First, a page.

Jackson: AIDS Foundation of Chicago Using Rapid HIV Testing Approach
By Erin Reed and Zaineb Javaid
The Red Line Project
Posted: Monday, June 11, 2012
After a night of partying, Chicagoans spill out of bars and nightclubs and into the streets, maybe grabbing some food before retiring to their beds or the bed of another.
Or perhaps they might decide to get tested for HIV.
The AIDS Foundation of Chicago’s Prevention Team frequently travels to high-risk areas throughout the Chicagoland area to conduct rapid HIV testing. The “finders” have their rapid-result mouth swab testing kits, called Oraquick, in tow. They hit the streets to encourage night dwellers to get tested.
“The program found 10 to 12 individuals who were HIV positive [last year],” said Alicia Bunton, director of Care and Quality Improvement at the AIDS Foundation of Chicago.
Oraquick is a technology that has made testing much more accessible because it does not involve a finger prick or drawing blood. It is a simple mouth swab that you place in solution and you have the results in 20 minutes. With 98 percent accuracy, the prevention team conducts these rapid result tests where the people are—parks, fast food restaurants and even nightclubs.
Every 9 1/2 minutes, a person in the United Stated is infected with HIV, according to the AIDS Foundation of Chicago. Currently, there are more than 20,000 people in the city of Chicago living with HIV, according to the Chicago Department of Public Health’s fall 2011 STI/HIV Surveillance Report. The report estimates that 20 percent of people infected with HIV are unaware of their status; so a more realistic number of Chicagoans living with this disease is closer to 25,000.
“For some, waiting 20 minutes for their tests to develop can feel like an eternity,” said Bunton. “They get scared about what their results could be based on taking a walk down memory lane as far as behavior is concerned.”
According to the Chicago Department of Public Health, there has been a 40 percent reduction in the number of HIV infections since 2000 due to the efforts of the CDPH and other community partners. Even though the percents are declining overall, HIV is hitting the black community harder than ever.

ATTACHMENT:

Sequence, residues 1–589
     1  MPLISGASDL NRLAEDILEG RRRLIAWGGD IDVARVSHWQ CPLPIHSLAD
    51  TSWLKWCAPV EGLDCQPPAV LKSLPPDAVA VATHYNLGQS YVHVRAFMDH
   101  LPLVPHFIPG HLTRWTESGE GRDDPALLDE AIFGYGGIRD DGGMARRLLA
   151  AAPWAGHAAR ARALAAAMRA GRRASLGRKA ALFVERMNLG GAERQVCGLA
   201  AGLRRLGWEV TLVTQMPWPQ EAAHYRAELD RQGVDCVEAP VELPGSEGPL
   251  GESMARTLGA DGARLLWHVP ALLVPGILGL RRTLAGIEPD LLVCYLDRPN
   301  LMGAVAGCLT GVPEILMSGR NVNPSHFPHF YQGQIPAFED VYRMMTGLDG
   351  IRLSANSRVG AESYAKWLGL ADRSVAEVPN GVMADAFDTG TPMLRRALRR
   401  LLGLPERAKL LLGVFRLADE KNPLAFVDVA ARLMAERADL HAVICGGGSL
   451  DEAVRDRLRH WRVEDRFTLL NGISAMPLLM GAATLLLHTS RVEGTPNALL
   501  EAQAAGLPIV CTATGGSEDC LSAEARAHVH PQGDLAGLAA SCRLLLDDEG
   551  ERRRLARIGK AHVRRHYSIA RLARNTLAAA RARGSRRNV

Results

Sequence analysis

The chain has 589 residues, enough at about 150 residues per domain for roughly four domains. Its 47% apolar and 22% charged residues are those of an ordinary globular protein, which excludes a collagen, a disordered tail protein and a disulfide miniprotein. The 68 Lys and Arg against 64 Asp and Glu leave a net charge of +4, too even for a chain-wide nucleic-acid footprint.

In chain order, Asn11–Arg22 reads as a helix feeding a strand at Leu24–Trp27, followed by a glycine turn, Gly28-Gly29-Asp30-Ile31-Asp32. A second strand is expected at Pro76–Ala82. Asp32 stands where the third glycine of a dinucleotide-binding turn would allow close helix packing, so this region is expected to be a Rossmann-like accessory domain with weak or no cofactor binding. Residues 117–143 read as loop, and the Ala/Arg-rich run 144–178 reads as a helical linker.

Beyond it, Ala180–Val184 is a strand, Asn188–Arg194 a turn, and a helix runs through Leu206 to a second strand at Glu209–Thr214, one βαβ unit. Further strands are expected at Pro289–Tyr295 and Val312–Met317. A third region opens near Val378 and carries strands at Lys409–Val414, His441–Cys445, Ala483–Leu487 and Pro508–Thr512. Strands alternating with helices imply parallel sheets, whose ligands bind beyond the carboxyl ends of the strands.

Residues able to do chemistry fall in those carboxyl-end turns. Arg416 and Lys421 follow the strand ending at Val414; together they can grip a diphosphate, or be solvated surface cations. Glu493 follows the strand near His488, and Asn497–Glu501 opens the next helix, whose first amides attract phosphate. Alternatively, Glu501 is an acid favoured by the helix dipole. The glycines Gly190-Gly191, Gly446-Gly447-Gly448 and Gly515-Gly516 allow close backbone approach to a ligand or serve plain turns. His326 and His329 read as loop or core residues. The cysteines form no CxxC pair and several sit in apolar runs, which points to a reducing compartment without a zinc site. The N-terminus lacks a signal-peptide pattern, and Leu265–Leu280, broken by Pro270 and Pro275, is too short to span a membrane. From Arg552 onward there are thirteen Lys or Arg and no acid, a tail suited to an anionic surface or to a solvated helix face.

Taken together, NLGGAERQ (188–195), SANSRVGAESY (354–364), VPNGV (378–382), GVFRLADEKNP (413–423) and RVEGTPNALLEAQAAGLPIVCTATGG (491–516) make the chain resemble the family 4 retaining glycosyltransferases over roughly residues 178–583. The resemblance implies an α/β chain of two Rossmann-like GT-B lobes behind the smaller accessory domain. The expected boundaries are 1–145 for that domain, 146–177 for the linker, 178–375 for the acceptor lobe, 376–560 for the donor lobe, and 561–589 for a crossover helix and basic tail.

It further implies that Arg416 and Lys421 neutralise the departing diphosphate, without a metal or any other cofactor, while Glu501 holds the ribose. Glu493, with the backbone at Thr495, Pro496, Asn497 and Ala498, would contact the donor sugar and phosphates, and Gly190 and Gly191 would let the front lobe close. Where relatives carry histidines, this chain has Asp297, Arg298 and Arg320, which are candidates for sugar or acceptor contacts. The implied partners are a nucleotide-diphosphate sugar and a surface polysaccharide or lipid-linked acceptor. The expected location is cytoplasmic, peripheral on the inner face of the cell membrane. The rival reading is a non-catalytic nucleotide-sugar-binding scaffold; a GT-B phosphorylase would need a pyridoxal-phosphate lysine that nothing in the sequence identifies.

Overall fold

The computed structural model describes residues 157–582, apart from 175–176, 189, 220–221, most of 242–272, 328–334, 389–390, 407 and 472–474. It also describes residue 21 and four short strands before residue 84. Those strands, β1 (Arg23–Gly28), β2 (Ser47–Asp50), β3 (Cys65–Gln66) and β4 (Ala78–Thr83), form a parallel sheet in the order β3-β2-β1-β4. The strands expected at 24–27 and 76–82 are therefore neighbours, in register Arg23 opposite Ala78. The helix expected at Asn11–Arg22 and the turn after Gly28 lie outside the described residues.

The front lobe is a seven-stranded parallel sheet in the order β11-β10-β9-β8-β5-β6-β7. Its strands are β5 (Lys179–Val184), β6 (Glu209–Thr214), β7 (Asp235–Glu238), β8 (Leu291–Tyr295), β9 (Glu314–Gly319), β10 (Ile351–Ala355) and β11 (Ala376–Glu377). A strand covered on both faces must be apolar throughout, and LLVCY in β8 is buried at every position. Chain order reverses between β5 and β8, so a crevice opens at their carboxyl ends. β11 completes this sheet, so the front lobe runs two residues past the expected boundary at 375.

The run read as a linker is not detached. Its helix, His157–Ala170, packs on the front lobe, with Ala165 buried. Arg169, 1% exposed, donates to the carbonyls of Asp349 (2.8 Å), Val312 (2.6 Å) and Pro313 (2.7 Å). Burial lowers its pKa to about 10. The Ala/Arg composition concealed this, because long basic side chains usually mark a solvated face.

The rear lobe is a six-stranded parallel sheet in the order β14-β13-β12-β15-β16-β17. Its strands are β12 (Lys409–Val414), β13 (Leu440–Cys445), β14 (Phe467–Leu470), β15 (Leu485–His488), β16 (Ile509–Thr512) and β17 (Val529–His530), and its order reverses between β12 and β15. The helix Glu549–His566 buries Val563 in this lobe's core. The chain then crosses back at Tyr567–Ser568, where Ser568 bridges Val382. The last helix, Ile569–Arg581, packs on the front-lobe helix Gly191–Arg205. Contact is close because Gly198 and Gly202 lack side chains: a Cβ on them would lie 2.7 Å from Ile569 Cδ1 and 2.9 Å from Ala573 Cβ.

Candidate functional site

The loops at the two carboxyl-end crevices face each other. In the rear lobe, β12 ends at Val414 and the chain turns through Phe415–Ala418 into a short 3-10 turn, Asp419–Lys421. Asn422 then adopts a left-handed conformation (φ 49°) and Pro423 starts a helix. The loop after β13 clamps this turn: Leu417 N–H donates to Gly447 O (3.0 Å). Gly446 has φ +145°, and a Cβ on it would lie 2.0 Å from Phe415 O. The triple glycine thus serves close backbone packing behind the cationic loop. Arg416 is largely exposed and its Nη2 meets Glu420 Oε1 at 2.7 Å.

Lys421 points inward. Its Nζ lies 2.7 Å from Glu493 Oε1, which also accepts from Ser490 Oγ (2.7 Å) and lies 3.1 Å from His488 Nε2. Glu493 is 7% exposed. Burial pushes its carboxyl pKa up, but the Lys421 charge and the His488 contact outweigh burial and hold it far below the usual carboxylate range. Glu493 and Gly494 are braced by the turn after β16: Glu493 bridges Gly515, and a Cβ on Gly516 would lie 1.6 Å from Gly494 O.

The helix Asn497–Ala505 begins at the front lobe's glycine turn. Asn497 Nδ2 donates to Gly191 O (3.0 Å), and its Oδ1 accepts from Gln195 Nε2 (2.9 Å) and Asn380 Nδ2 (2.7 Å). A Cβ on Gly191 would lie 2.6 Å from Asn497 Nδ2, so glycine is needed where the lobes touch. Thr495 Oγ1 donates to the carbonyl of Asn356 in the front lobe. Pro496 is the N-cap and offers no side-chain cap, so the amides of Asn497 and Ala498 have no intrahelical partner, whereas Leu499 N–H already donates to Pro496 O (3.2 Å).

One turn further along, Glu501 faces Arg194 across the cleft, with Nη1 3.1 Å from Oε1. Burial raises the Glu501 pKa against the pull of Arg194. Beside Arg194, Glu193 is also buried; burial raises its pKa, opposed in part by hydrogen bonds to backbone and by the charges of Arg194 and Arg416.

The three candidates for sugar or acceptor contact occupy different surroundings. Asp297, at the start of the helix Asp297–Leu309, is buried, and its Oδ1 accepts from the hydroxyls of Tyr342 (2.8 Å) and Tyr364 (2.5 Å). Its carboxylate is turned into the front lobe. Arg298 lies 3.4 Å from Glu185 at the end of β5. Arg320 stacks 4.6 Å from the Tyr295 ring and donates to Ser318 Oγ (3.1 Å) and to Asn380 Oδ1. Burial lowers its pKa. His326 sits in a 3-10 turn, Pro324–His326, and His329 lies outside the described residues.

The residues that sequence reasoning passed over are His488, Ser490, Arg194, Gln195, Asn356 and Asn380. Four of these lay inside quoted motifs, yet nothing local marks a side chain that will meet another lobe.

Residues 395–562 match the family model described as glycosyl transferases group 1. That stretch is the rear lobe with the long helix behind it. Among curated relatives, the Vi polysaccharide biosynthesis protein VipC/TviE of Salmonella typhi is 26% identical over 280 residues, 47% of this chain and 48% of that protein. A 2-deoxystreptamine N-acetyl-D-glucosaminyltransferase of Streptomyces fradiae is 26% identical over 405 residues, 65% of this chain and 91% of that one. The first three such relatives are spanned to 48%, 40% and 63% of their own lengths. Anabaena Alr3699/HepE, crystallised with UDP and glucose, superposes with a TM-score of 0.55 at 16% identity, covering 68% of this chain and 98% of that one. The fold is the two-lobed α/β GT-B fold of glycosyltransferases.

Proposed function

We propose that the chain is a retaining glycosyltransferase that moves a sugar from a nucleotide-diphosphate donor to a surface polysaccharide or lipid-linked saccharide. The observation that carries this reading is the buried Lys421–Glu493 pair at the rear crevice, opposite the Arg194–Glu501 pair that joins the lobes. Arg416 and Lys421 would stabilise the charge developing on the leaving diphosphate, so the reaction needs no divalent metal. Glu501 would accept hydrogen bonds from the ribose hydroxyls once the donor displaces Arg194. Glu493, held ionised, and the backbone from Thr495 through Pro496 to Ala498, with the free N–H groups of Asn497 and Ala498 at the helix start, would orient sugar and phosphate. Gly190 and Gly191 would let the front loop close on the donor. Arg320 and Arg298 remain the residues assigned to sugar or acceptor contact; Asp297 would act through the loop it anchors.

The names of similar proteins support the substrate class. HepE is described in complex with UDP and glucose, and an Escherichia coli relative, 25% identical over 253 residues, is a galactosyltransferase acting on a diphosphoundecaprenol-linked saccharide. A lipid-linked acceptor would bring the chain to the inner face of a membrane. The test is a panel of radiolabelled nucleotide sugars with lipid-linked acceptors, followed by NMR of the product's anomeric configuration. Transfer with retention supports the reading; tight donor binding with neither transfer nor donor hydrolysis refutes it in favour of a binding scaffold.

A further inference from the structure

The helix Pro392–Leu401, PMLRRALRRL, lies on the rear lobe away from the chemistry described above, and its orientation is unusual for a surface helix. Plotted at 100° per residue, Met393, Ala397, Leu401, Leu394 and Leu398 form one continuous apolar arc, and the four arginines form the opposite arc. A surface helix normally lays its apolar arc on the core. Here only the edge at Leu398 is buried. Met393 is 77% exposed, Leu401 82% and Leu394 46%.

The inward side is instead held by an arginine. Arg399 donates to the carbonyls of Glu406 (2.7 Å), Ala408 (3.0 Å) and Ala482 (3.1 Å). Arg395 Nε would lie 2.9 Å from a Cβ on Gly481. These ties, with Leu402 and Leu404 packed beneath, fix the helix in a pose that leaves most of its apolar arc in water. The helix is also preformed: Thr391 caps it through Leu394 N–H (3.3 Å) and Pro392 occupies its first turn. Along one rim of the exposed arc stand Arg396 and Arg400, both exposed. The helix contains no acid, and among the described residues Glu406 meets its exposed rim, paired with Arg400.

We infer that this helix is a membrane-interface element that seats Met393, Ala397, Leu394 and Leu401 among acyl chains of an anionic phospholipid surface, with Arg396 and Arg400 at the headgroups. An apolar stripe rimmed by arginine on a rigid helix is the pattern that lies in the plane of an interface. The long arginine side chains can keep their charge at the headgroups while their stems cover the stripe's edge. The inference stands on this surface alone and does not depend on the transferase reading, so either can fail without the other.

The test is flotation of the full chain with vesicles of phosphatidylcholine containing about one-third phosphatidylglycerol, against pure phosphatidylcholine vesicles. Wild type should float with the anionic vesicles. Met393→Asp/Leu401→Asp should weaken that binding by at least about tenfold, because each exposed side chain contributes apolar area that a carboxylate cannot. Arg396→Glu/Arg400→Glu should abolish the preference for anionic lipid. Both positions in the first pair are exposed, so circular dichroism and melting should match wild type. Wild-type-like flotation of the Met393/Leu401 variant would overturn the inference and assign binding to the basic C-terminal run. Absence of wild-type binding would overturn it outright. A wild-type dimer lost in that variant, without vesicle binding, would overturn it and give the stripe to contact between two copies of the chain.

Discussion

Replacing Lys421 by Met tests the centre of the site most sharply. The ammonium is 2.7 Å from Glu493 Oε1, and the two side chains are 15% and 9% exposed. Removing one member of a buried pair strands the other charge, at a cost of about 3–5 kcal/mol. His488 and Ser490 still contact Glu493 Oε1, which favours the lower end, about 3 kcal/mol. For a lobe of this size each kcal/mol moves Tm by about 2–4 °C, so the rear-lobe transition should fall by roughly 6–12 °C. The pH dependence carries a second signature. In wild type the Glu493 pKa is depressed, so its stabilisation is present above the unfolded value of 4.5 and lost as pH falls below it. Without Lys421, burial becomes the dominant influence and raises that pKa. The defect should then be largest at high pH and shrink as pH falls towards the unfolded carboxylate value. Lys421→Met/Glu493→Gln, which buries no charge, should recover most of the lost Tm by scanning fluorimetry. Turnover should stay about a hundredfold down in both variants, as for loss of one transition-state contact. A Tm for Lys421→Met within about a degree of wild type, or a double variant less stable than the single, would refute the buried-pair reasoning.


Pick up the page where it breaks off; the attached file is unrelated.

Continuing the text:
“We are finding a lot more infections in men who have sex with men in communities of color. The numbers have gone down for white MSMs, but unfortunately it is still a problem in communities of color,” Bunton said. “The MSMs who are also found out to be positive are skewing younger. And by younger I mean teens.”
Cynthia Tucker, Director of Prevention and Community Partnership at the AIDS Foundation of Chicago, is concerned about the rising numbers of those infected with HIV because no one is talking about it anymore. ”People think they must not be at high risk anymore,” she said. “As we know, all individuals are at high risk if you are having sex.”
Bunton explained that the goal at the AFC is to try to make getting tested for HIV as regular as getting a breast exam or your colestoral checked.
“We try to make it routine so individuals know it’s nothing to be ashamed of,” said Bunton.
Rapid Result HIV testers don’t seek out the infected. Rather, they seek out people that want to know their status. If the 20-minute Oraquick test comes back positive, the testers need one more insurance. After a positive result from Oraquick, the prevention team conducts a Clearview test, which involves a finger prick, but still only takes 20 minutes.
“If these two rapid technologies come back positive, then we do let the person know that they have tested positive for HIV,” said Bunton.
“The stigma surrounding AIDS is the whole reason in the nutshell,” Tucker said. “I have found people positive and they refuse to accept the information, and that’s only because of the stigma. That’s like playing Russian Roulette.”
Bunton has memories of clients that believed they were not susceptible to the virus to have their tests come back positive. These women were in a committed marriage in which they were faithful but their husbands were not. Bunton recalled clients that contracted the disease after the first time having unprotected sex.
“These people would tell you, ‘Guess what, it can happen to you because it happened to me,” Bunton said.